January 31, 2008

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Dengue Fever, Venus on Earth
M80 Records, Jan. 22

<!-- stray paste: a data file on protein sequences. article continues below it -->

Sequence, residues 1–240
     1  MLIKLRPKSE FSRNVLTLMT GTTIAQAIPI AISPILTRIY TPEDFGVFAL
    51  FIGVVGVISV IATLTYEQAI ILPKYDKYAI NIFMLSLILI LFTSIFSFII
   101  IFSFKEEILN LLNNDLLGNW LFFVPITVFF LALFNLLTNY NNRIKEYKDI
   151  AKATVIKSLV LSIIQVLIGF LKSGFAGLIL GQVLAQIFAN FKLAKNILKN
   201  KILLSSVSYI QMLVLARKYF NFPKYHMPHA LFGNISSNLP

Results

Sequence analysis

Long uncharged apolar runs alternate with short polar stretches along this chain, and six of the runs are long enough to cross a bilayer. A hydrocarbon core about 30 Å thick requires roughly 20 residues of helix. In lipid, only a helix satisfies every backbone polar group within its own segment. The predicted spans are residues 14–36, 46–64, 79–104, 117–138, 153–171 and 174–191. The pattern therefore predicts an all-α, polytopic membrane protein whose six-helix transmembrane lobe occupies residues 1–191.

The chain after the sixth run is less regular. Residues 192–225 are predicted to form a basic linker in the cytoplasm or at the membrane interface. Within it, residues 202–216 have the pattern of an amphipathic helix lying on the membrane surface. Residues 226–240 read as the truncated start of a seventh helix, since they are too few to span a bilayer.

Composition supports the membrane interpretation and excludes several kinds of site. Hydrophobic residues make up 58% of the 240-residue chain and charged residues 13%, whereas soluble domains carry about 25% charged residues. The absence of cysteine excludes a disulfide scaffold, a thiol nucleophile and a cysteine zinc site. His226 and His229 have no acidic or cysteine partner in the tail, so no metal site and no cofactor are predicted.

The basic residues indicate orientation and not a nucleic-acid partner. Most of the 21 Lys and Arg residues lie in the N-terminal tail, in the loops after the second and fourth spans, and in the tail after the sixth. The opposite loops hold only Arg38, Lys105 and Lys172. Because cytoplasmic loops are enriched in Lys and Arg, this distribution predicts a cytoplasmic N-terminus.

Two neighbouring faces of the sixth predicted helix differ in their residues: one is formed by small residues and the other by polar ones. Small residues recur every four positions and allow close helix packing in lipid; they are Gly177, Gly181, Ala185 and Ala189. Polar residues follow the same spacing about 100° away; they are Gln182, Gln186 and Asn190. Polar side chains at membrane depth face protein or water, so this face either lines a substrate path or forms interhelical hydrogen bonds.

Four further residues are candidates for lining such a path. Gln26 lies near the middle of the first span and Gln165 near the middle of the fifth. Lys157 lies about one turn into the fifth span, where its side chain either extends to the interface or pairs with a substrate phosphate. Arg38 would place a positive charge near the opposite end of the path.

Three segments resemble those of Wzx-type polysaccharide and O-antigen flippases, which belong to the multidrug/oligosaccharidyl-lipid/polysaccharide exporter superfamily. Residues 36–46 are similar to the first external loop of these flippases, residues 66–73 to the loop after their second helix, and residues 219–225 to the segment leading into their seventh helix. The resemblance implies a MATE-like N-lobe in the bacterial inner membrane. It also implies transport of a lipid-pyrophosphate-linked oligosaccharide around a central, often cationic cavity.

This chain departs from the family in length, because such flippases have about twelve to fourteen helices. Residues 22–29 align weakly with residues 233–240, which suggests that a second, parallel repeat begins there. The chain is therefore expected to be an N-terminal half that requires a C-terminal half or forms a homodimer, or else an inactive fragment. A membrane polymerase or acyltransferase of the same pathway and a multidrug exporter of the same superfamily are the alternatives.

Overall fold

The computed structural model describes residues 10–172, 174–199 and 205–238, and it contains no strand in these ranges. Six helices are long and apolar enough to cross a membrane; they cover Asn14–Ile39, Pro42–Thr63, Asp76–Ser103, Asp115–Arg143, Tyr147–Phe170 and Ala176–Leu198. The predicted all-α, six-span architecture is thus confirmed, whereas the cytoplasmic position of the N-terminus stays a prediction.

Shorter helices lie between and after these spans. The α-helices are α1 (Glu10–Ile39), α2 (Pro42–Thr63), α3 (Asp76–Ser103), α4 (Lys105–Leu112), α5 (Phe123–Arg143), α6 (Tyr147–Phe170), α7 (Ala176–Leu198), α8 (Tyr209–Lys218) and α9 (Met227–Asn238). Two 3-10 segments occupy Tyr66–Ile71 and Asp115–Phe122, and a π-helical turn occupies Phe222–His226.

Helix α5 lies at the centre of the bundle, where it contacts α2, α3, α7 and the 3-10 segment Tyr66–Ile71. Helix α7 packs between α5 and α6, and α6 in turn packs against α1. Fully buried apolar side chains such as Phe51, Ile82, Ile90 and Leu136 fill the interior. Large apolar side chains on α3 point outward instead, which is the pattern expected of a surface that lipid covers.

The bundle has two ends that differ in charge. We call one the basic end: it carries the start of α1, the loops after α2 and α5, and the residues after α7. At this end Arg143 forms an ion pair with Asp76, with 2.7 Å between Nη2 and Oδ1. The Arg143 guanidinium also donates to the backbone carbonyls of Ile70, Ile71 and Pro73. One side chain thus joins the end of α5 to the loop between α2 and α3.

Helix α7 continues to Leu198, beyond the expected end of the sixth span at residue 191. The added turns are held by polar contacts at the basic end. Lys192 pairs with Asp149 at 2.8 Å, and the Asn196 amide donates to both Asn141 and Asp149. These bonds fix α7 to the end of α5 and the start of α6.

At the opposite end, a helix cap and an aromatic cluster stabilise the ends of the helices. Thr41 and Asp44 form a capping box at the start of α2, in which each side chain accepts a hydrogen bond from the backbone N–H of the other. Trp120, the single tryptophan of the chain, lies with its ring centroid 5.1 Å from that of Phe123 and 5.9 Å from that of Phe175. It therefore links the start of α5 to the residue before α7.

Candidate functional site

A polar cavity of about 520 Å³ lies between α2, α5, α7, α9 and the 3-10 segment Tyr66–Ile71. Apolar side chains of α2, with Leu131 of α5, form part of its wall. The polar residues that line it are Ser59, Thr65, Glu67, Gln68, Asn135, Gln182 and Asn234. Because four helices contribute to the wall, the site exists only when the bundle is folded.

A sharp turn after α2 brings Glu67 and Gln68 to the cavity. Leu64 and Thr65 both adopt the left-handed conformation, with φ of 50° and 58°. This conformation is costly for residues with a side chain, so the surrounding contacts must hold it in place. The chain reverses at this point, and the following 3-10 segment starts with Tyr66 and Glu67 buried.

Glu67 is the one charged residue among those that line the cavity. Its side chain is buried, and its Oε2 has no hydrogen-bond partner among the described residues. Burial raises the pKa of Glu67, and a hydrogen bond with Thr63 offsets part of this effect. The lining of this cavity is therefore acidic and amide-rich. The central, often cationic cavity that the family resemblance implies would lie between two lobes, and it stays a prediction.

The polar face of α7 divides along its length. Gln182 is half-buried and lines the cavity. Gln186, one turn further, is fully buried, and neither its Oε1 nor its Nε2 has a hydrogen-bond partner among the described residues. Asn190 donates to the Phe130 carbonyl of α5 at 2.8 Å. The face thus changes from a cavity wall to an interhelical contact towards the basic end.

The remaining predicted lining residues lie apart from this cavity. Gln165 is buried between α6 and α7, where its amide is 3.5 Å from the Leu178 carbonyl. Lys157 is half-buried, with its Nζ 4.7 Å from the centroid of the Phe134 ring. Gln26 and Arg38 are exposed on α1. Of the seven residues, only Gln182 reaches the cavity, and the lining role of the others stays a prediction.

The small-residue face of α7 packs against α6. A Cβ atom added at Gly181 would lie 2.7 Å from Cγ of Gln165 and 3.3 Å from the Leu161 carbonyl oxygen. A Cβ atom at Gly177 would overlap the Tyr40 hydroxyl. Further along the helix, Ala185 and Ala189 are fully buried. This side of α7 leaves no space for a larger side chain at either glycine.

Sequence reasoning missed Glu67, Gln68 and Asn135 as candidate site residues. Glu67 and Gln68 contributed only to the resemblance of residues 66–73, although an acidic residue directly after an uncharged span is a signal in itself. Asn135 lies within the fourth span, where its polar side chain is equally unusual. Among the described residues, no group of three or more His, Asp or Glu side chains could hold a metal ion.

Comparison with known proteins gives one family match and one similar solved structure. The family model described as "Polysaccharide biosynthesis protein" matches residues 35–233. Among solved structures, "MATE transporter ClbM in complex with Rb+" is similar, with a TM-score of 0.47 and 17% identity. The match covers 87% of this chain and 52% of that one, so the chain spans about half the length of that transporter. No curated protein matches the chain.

World-music albums come and go, but virtually none get handed a fluke editor’s choice pick on Amazon.com and explode the way Dengue Fever did. The band’s first album and Venus, their third, differ only in that the backing band — a diverse assemblage of scary-hairy slackers from L.A. — no longer have to rely on Sinn Sisamouth’s back catalog of 1960s Cambodian pop songs to keep them in business, as they’re writing their own stuff now. The story here, see, is that one of these average white LA cats went to Cambodia and decided to start a Cambodian pop band. They hired female singer Chhom Nimol and the rest is history – a growing arsenal of songs, most sounding like demos from the bar band in War of the Gargantuas. To Western ears, Nimol’s voice is alien — high-pitched, trilly, you know the routine, and I have to assume that it is indeed routine if you’re visiting from Phnom Penh. What’s cool about this is the slight tear in the fabric of American pop culture; the band does challenge listeners to move beyond canned anime-cartoon j-pop. B- — E. W. S.